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CodeSOD: Dictionary Definition

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Guy’s eight-person team does a bunch of computer vision (CV) stuff. Guy is the “framework Guy”: he doesn’t handle the CV stuff so much as provide an application framework to make the CV folks lives easy. It’s a solid division of labor, with one notable exception: Richard.

Richard is a Computer Vision Researcher, head of the CV team. Guy is a mere “code monkey”, in Richard’s terms. Thus, everything Richard does is correct, and everything Guy does is “cute” and “a nice attempt”. That’s why, for example, Richard needed to take a method called readFile() and turn it into readFileHandle(), “for clarity”.

The code is a mix of C++ and Python, and much of the Python was written before Guy’s time. While the style in use doesn’t fit PEP–8 standards (the official Python style), Guy has opted to follow the in use standards, for consistency. This means some odd things, like putting a space before the colons:

    def readFile() :
      # do stuff

Which Richard felt the need to comment on in his code:

    def readFileHandle() : # I like the spaced out :'s, these are cute =]

There’s no “tone of voice” in code, but the use of “=]” instead of a more conventional smile emoticon is a clear sign that Richard is truly a monster. The other key sign is that Richard has taken an… unusual approach to object-oriented programming. When tasked with writing up an object, he takes this approach:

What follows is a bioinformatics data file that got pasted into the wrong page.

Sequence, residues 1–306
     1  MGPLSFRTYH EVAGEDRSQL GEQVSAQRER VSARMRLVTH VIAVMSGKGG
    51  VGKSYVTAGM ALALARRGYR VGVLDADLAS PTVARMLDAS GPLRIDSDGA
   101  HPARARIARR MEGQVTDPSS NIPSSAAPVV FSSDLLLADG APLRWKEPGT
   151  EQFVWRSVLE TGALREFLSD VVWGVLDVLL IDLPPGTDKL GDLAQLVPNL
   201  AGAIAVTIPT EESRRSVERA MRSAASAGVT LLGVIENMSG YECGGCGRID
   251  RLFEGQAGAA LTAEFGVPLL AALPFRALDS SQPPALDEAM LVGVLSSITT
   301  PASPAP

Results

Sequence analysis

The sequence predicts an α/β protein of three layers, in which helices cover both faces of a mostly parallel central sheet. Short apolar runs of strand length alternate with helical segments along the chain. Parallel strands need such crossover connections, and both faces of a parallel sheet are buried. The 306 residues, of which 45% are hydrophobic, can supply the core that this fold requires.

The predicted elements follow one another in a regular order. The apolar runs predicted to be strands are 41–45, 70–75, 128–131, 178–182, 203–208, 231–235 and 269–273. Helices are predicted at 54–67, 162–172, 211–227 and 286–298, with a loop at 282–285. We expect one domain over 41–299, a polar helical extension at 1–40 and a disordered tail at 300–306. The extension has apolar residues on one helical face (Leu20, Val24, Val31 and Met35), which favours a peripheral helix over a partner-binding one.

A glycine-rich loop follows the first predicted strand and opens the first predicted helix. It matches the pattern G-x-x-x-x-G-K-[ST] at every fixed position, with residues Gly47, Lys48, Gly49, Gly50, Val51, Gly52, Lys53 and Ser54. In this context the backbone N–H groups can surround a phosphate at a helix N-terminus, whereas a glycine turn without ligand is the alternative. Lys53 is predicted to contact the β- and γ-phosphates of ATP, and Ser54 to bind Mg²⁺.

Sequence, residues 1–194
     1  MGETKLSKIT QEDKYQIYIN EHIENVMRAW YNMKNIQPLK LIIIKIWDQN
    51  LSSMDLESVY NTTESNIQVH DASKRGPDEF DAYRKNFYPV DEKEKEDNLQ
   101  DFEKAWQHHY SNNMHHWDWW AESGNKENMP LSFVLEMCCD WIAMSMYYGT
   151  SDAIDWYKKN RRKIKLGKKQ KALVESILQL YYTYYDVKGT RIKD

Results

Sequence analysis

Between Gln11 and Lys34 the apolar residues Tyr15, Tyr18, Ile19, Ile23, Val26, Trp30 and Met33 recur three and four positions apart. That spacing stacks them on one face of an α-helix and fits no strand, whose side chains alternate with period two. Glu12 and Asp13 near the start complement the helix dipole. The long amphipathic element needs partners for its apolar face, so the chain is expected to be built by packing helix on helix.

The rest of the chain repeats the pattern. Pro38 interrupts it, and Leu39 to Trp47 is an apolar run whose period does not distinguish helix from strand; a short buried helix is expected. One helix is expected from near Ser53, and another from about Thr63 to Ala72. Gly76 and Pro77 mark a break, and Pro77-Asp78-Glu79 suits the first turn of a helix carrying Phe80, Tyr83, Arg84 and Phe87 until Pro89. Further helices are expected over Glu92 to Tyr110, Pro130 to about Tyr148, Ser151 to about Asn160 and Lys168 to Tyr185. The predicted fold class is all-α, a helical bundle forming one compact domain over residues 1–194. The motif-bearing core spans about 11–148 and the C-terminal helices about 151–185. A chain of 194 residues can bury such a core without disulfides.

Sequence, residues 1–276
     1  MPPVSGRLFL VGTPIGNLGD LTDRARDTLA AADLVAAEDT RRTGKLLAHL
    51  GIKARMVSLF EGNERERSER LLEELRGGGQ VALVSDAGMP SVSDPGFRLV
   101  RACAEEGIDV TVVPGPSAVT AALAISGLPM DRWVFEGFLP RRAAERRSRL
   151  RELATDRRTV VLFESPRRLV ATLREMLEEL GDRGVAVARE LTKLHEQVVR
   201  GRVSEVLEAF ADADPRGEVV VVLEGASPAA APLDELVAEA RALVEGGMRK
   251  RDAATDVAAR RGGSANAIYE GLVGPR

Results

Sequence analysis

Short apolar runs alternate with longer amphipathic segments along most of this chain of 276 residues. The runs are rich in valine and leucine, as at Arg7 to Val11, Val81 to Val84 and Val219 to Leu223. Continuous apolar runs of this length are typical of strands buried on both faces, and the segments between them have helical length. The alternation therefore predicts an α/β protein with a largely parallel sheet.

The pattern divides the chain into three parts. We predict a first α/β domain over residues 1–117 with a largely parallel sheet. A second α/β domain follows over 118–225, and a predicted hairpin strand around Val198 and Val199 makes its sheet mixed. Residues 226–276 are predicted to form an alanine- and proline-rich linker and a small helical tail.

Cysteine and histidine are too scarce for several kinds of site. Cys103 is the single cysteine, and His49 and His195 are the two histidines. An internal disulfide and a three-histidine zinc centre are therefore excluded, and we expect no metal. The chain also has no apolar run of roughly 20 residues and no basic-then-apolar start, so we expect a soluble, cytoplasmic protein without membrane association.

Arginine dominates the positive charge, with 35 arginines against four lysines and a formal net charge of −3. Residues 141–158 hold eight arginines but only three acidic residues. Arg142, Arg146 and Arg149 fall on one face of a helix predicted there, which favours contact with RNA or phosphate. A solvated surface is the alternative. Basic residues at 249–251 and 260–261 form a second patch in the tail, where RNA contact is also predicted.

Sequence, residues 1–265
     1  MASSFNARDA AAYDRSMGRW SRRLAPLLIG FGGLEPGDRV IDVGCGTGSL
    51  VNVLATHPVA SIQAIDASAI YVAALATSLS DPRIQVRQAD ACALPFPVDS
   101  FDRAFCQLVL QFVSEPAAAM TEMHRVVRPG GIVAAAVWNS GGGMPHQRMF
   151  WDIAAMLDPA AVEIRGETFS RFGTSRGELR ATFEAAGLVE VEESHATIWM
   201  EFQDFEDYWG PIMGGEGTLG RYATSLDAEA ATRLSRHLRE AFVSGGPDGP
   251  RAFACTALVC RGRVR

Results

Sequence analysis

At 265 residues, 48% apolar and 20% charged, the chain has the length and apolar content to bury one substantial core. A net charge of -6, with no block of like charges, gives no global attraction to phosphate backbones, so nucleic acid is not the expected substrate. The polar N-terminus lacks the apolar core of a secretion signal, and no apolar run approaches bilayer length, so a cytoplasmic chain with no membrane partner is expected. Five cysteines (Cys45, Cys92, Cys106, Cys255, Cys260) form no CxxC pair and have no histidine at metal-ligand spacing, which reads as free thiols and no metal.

class WidgetSource:
    Enumeration of various sources available for getting the data needed to construct a Widget object.

    LOCAL_CACHE    = 0
    DB             = 1


    def toString(widget_source):
            return {
                WidgetSource.LOCAL_CACHE:     "LOCAL_CACHE",
                WidgetSource.DB:              "DB",
                #WidgetSource.PROCESSED_DATA:   "PROCESSED_DATA", # @DEPRECATED - Currently not to be used
                WidgetSource.REMOTE_STORAGE:  "REMOTE_STORAGE"
        except KeyError:
            return "UNKNOWN_SOURCE"

def deserialize_widget(id, curr_src) :
     # SNIP
     widget = {
         WidgetSource.LOCAL_CACHE: _deserialize_from_cache,
         WidgetSource.DB: _deserialize_from_db,
         WidgetSource.REMOTE_STORAGE: _deserialize_from_remote
         #WidgetSource.PROCESSED_DATA: widgetFactory.fromProcessedData,

For those not up on Python, there are a few notable elements here. First, by convention, anything in ALL_CAPS is a constant. A dictionary/map literal takes the form {aKey: aValue, anotherKey: anotherValue}.

So, the first thing to note is that both the deserialize_widget and toString methods creaate a dictionary. The keys are drawn from constants… which have the values 0, 1, 2, and 3. So… it’s an array, represented as a map, but without the ability to iterate across it in order.

But the dictionary isn’t what gets returned. It’s being used as a lookup table. This is actually quite common, as Python doesn’t have a switch construct, but it does leave one scratching one’s head wondering why.

The real thing that makes one wonder “why” is this, though: Why is newly written code already marked as @DEPRECATED? This code was not yet released, and nothing outside of Richard’s newly written feature depended on it. I suspect Richard recently learned what deprecated means, and just wanted to use it in a sentence.

It’s okay, though. I like the @deprecated, those are cute =]

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